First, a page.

Some super interesting questions emerged after I wrote my last blog on “What is Leadership.”
Let’s start with this one: Does the leader take control or does the follower give control? I see this as a chicken or egg situation, so let’s take a look at it.
When a “being” is insecure or unsure, whether a child or a puppy or a dog, they need direction – you need to take control whether they appear to want you to or not. They need to be told what to do because given a choice, there’s a good chance they’ll make a bad decision, and some bad decisions come with long-term ramifications. To head that off at the pass you take control. In that situation, you are telling the other what to do. You are BEHAVING like a leader. But are you a leader?
There’s no way to know. You can behave like a leader, but whether or not you are a leader will be determined over time, because to be a leader, others have to choose to follow.
The point of behaving like a leader is to get to the point where your dog recognizes that you are a good decision-maker who keeps them safe. From there they will begin to turn to you for assistance or direction when they need help.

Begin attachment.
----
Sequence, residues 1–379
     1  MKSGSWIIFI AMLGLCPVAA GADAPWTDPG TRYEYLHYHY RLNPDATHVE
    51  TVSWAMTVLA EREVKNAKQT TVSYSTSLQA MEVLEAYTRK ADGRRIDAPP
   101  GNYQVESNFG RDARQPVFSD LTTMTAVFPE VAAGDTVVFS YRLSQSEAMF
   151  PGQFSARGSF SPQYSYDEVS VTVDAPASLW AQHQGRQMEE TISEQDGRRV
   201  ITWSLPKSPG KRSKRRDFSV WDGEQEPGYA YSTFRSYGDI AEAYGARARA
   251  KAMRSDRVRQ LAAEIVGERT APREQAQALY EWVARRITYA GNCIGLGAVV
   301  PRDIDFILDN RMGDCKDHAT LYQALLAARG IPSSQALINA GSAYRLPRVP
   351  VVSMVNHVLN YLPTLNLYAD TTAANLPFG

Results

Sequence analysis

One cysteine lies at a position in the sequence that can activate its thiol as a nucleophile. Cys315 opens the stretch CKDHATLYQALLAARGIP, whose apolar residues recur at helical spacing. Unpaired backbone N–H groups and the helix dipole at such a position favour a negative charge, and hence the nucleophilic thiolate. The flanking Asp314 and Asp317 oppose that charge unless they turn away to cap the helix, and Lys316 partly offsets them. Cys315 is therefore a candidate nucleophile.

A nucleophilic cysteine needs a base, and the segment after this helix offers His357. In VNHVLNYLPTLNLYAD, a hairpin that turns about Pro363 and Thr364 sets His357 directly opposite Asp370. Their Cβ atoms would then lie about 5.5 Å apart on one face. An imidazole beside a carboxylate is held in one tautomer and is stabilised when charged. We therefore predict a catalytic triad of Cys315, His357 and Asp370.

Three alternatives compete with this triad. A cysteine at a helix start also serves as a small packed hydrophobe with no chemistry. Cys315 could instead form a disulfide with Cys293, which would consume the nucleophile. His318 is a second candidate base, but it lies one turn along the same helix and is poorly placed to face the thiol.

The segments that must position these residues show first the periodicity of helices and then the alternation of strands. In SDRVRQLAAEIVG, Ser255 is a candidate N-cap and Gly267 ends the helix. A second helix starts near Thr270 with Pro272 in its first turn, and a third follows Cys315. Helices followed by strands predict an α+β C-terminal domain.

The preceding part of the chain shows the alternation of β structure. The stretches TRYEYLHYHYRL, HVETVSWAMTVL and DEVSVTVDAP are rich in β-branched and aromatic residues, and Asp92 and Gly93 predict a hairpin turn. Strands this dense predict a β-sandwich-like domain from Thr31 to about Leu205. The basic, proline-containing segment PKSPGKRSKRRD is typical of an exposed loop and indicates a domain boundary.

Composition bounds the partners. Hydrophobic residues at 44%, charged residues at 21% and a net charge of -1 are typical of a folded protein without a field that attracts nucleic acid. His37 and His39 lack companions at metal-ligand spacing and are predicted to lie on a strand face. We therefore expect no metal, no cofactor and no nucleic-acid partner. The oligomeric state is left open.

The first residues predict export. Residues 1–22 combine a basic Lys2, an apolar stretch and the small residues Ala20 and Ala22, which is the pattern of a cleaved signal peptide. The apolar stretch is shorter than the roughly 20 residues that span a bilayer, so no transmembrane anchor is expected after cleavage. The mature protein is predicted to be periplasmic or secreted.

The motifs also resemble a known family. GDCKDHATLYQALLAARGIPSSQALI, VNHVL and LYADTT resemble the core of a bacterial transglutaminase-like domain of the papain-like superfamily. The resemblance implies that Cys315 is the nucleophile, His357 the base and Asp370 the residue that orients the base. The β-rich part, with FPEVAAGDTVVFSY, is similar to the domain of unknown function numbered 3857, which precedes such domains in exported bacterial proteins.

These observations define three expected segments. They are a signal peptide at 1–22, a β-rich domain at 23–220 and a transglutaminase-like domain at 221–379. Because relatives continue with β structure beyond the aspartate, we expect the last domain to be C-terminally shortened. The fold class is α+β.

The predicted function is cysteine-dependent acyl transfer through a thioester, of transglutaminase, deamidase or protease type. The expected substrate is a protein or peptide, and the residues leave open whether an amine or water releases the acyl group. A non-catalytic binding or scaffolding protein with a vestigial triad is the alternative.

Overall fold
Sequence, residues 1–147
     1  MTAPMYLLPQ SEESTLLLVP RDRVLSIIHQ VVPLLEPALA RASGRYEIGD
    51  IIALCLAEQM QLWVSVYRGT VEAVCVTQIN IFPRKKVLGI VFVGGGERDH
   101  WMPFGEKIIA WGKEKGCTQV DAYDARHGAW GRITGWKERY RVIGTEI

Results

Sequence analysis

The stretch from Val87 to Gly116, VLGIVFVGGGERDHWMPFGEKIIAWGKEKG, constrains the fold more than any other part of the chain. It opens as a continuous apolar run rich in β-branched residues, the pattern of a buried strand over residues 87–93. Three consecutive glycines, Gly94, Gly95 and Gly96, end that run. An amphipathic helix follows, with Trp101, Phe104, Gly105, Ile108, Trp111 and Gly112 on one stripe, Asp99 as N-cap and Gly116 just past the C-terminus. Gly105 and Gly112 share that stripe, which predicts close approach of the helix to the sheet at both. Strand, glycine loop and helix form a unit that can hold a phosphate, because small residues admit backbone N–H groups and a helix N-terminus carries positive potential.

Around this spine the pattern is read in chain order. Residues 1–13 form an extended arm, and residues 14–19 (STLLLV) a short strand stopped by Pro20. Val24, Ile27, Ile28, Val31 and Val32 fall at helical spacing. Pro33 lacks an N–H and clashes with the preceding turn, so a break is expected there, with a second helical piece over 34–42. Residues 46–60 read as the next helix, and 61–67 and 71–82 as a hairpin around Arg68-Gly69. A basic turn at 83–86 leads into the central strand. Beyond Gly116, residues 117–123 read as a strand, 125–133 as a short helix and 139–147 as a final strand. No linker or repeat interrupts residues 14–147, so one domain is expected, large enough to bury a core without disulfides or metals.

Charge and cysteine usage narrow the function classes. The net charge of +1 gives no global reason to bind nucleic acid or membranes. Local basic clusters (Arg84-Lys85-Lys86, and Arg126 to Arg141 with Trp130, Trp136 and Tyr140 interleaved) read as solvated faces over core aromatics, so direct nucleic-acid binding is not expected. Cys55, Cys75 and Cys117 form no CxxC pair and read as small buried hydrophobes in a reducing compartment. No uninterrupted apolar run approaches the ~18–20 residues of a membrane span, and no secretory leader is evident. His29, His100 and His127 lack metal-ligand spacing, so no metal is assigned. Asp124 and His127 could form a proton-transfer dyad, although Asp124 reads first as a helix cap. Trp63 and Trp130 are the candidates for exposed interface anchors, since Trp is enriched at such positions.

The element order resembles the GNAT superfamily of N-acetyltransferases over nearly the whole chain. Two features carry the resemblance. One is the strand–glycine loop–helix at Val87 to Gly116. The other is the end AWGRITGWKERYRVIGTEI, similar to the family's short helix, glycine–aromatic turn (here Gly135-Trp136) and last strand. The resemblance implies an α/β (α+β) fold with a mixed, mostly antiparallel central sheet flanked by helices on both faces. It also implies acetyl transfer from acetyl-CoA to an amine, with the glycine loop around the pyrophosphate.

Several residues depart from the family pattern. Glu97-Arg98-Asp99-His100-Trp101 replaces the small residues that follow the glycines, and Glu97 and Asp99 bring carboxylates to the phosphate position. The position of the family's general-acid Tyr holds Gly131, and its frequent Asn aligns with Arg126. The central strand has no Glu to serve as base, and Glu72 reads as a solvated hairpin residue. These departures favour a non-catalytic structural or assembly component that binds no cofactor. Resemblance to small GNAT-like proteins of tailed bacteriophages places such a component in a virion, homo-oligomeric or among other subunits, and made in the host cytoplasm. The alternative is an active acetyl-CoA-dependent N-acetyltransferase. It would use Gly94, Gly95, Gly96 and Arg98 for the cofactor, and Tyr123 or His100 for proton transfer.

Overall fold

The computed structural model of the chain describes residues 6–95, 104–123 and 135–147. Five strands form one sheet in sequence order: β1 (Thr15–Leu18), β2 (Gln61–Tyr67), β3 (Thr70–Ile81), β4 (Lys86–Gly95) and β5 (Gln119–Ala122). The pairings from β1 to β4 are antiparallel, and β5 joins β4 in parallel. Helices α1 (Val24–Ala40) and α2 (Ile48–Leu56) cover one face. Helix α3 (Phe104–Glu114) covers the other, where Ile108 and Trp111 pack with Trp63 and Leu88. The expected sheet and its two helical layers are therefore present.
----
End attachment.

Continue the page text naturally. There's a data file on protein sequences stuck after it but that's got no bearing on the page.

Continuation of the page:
But to be called a “leader”? That is a status which is GIVEN by the follower. It cannot be taken; it is earned. Leadership status comes as a result of numerous experiences where the follower realizes that the leader knows what they’re doing. They make good choices and keep everyone safe!
Behaving like a leader is different. You start there so that others can see you know what you’re doing. A good portion of that is how you behave, as described in the last blog.
So to simplify things, think about it like this:
Behave like a leader. Be predictable and effective. Make things better for the other. And if you’re unsure? Then fake it, just like you would with a child in an emergency. Learn to make decisions and implement them with conviction. It’s okay if you make mistakes; strive to learn from them!
As your competence is recognized, others will begin to follow you – gratefully. That is the point at which you may well become a leader.
Of course, I’ve said nothing about the temperament or interests of the other, which is strongly related to what will actually happen in a real life situation. That’s a blog for another day.
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